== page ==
McAfee.com, known for its anti-virus and personal firewall online security services, is getting into content filtering. Srivats Sampath, CEO of McAfee.com, confirmed the Sunnyvale-based company’s latest offering will debut Monday at a price of $29.95 per year (with a discount for current subscribers to other McAfee.com services).
“Regardless of whether people adopt this service in droves, I feel it’s the right thing for us to do,” says Sampath, father of a 10 year old son. “I have a gut feeling it will fly, because I see the email that comes in from our customers and the ones who have kids are asking for something to protect them on the web.” In addition to pornography and graphic violence-oriented websites, the service will also block known financial scam sites.
McAfee.com, a subsidiary of Network Associates, lays claim to being the biggest consumer Application Service Provider (ASP) in the world with over 520,000 paid subscribers in 230 countries. As an ASP, Sampath thinks its web screening service will have an edge over software content filtering solutions and even competing website services that he says won’t be able to keep their protection as current as McAfee.com’s. “We’re hoping to stay further ahead of active Net users by pro-actively updating our database (of inappropriate sites) on a daily basis,” says Sampath.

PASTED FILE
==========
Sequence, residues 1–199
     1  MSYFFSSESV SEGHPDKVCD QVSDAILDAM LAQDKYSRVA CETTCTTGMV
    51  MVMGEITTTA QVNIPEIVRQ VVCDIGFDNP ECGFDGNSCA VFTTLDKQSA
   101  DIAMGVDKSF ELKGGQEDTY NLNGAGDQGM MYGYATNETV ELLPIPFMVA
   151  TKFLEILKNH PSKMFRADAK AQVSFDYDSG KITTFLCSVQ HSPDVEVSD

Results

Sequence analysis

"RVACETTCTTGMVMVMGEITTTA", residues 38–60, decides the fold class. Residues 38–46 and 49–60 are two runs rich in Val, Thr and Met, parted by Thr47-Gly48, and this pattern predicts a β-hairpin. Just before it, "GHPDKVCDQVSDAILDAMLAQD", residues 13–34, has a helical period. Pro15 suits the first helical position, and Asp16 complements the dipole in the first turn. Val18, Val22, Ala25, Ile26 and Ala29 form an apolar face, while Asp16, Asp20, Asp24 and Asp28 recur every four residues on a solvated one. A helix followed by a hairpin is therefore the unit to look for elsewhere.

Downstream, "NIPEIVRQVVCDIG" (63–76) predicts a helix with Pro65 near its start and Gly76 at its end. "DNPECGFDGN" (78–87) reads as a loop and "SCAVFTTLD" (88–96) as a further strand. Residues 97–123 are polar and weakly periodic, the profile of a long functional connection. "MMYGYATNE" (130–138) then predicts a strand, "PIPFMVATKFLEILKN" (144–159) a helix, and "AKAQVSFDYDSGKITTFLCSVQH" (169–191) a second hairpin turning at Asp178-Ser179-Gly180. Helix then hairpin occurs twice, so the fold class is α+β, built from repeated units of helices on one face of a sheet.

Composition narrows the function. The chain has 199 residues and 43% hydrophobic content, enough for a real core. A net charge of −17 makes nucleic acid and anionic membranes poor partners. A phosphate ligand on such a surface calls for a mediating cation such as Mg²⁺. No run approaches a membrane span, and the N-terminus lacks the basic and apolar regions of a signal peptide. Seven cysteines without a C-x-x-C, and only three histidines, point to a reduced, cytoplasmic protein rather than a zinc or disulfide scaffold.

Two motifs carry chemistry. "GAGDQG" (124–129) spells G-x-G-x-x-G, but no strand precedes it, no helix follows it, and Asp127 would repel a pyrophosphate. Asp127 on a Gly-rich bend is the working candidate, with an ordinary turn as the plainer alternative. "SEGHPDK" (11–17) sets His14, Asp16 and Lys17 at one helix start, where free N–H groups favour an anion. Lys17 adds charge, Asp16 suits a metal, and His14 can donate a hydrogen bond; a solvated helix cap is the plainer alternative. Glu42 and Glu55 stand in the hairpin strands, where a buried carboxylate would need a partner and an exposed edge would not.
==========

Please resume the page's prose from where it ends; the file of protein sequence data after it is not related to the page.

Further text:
“They’re not the first one to offer this kind of service, but they have the greatest credibility given their size and reputation in anti-virus,” says Lawrence Magid, a Palo Alto-based technology writer who also runs SafeKids.com, a resource for families looking to surf the web safely.
Magid adds that McAfee’s challenge will be the same as all products and services that aim to filter the Internet. “I haven’t seen anything yet that doesn’t under-block or over-block websites,” he says. Adults, acting as the service administrator for their home computer, will have the ability to turn filtering on or off.
Sampath concedes filtering systems, including McAfee.com’s, are less than perfect. “We understand there are children who are more computer savvy than their parents, so we’ve added encryption and bullet-proofed the service as much as we can,” says Sampath. Still, like others, the system can easily be defeated if, for example, a parent leaves the computer on without filtering enabled, or makes his or her password available to his kids.
“The Internet is not a babysitting tool,” says Sampath. “There are many dark and unsafe places on the web just as there are in the real world. Parents have to be involved with their kids if they want to ensure their safety.”